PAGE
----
How to Use an Amazon Kindle Without an Amazon Account

I read quite a lot—from research papers to books and articles—and, while I love the old-school combo of a book and a hot drink, found myself looking for an eReader. For me, there are two main benefits: saving space when I travel, and avoiding distractions when I read.

Although there are alternatives like Kobo eReaders or the reMarkable tablet, among others, the Amazon Kindle was my first choice.

Depending on your threat model, you might prefer to avoid interacting with Amazon’s ecosystem. Following these steps, I’ve been using my Kindle Paperwhite for three years:

Disconnecting Your Device :electric_plug:

  1. Do not connect to a Wi-Fi network.
  2. Enable Aeroplane mode.

Note: If you have already registered your device, you can deregister it from the “Account” section in your device settings.

Managing Reading Material :books:

  • Kindle devices primarily use a file format called “AZW”, although it supports other formats (like PDF).
  • calibre is popularly used to convert reading material to AZW, edit document metadata, or transfer it to an eReader.
  • You can also access the files on the local storage of your Kindle device directly, via USB.

Acquiring Reading Material :closed_book:

  • Standard Ebooks - An open source, volunteer-driven project which curates and distributes e-books in the public domain.
  • Open Library - A helpful project by the Internet Archive which aims to create “one web page for every book ever published”.

Let me know if you have any thoughts. Happy reading! :smile:

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I personally, heavily use Calibre in combination with an addon called FanFicFare that pulls stories from RoyalRoad, and the addon is capable of pulling from other sites as well. Many authors move from RR to Amazon, so you can find lots of good stuff there, but due to Amazon’s shitty T&Cs you gotta get the books from RR before they hit amazon.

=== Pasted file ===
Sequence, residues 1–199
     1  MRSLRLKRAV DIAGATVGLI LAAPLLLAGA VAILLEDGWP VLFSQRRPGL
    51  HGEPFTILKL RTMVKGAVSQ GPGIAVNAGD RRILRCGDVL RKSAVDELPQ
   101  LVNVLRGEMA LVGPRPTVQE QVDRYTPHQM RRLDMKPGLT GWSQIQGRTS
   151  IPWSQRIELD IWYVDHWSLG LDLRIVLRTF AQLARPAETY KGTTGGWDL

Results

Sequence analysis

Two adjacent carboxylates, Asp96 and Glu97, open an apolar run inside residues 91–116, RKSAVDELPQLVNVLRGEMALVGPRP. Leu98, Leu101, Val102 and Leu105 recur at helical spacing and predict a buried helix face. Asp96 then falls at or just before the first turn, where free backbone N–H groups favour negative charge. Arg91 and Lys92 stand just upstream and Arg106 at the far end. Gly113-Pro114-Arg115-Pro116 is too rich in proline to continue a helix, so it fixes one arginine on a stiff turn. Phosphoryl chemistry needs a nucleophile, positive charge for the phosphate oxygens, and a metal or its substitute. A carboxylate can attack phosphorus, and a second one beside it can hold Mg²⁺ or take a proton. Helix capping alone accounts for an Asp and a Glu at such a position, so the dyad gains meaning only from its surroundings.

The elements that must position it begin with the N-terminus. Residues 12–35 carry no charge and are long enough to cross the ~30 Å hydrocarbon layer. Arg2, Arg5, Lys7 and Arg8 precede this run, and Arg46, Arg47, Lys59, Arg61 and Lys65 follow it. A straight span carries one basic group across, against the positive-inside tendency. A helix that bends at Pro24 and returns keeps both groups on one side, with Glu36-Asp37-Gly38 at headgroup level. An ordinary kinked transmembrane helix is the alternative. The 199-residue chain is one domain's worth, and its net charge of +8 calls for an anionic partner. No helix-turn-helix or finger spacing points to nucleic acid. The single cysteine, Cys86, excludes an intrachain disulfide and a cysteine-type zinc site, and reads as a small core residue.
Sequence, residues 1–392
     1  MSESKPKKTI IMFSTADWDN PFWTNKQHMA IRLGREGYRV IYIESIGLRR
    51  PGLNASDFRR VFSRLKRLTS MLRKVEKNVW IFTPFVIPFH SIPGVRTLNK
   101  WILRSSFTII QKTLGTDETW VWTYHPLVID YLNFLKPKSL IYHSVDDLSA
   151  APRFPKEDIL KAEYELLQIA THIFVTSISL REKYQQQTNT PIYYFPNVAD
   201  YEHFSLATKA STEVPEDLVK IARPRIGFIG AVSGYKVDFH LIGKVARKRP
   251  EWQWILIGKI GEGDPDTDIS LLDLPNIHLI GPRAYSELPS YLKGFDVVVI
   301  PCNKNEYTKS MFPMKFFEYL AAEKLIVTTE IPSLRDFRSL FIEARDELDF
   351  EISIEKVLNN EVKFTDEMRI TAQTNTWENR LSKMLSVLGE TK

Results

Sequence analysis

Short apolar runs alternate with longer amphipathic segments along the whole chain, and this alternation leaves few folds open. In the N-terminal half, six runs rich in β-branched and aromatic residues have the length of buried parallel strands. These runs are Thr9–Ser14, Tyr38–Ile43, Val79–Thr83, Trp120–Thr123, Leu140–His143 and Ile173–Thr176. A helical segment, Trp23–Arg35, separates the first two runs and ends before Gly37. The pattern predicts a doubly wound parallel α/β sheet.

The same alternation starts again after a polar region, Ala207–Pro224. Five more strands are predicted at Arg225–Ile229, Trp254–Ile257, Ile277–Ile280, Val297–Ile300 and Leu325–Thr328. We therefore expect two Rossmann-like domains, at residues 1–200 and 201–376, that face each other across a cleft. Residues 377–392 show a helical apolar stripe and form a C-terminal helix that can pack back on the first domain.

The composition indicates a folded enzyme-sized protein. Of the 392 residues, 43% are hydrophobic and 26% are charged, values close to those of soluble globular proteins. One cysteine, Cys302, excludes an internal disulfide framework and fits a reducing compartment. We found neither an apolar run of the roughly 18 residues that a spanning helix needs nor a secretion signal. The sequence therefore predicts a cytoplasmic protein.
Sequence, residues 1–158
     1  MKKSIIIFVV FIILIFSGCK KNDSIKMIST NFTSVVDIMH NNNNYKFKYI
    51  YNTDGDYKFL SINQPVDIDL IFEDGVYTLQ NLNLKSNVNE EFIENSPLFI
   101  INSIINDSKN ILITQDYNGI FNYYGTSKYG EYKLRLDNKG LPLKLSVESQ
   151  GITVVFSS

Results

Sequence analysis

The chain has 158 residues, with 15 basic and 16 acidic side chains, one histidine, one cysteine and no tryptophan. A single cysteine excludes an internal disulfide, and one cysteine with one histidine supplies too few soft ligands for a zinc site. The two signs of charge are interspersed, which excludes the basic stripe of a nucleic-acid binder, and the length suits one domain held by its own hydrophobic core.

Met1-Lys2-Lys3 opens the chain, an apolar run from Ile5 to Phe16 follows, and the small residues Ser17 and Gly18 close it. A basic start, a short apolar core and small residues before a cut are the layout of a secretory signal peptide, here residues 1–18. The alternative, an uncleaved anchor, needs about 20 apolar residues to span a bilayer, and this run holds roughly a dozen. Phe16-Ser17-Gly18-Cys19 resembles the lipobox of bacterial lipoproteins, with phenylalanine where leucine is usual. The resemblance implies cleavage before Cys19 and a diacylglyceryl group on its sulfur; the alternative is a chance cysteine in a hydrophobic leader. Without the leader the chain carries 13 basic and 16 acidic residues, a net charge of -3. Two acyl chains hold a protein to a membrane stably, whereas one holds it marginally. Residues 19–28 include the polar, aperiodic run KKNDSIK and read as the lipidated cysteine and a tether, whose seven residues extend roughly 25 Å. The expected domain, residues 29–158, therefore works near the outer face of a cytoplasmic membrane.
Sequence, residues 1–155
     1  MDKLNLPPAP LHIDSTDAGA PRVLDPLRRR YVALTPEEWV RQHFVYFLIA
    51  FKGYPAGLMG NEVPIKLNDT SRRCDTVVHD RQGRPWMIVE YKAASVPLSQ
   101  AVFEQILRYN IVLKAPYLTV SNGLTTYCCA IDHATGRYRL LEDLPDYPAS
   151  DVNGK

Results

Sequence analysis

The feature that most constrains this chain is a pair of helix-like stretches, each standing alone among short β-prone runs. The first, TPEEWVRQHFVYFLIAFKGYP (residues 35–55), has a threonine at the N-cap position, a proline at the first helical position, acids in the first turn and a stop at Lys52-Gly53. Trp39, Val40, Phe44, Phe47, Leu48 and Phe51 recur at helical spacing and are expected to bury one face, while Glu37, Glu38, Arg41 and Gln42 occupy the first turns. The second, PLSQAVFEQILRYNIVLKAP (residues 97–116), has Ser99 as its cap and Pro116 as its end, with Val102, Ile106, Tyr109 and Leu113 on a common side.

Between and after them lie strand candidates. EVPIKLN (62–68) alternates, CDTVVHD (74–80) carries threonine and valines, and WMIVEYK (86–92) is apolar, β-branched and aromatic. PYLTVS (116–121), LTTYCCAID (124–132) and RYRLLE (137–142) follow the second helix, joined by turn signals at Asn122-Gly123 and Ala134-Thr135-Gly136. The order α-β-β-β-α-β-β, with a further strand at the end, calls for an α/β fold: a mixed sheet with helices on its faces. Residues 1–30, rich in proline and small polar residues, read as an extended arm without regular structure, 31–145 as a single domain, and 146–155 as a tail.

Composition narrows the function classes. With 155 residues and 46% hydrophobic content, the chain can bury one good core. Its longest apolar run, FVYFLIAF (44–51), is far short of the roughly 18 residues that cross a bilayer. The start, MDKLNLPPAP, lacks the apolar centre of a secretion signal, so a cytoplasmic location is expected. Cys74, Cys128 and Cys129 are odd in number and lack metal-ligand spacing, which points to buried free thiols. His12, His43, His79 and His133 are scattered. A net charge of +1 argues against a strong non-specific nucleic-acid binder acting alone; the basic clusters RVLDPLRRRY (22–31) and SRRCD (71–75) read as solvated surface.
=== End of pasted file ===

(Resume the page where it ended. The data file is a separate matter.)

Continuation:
Then I use Calibre to convert and upload the stories to my kindle.

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This guide is very good for me, as I am also a “book debtor”. In any case, I would like to know if anyone knows of a simpler hardware solution dedicated to privacy (an “e-book purism” or an “e-book graphene”, so to speak). I don’t know if I should ask this in a new thread, but well, just in case I ask here, because it has a lot to do, and at a bad one, I’ll create a new thread.

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The first issue of Bazzell’s magazine UNREDACTED has his own personal story about finding a kindle replacement and eventually settling on a Boox on page 20. They are really just e-ink android tablets, so you could use adb commands to strip out anything you don’t like. Though his use is more for magazines and reading PDFs. If you don’t connect it to the internet, there are pretty much zero security concerns.

These large screen devices range from $475-$899 USD.

I have a Fire HD (10th generation). It costs a fraction of the price of a BOOX device, and you can remove or desolder the mic, front and rear cams, and remove the Wi-Fi capability as well as putting it into airplane mode. It was complicated, but you might save your wallet.

The rest of what you said about not registering an account – Amazon has the worst privacy policies, and they do lock you into their ecosystem, by limiting you to their OS and apps you cannot disable or remove.

I have a Amazon Fire HD 8, I will probably throw it in the trash or i don’t what i will use it for. It’s really locked down, and worst than apple too. You can uninstall the bloatware apps even with the ADB uninstaller for fire hd 8 or higher. Worst tablet tbh, I like my iPad anyways. Plus you need a amazon account to install software updates, download apps, etc to the tablet.